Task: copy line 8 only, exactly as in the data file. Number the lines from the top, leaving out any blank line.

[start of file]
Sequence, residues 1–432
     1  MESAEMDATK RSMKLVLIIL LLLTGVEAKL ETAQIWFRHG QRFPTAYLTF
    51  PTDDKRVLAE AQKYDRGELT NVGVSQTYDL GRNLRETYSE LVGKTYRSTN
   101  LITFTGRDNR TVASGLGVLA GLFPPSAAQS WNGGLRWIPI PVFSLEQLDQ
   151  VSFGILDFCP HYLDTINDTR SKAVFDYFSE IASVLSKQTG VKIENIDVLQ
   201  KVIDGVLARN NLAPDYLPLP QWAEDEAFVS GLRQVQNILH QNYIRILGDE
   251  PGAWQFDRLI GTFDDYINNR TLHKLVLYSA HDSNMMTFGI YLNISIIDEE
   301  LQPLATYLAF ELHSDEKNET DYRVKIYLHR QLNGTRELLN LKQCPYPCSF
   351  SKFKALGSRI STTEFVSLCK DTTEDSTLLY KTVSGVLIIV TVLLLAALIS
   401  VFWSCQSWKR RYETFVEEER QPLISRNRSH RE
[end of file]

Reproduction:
   301  LQPLATYLAF ELHSDEKNET DYRVKIYLHR QLNGTRELLN LKQCPYPCSF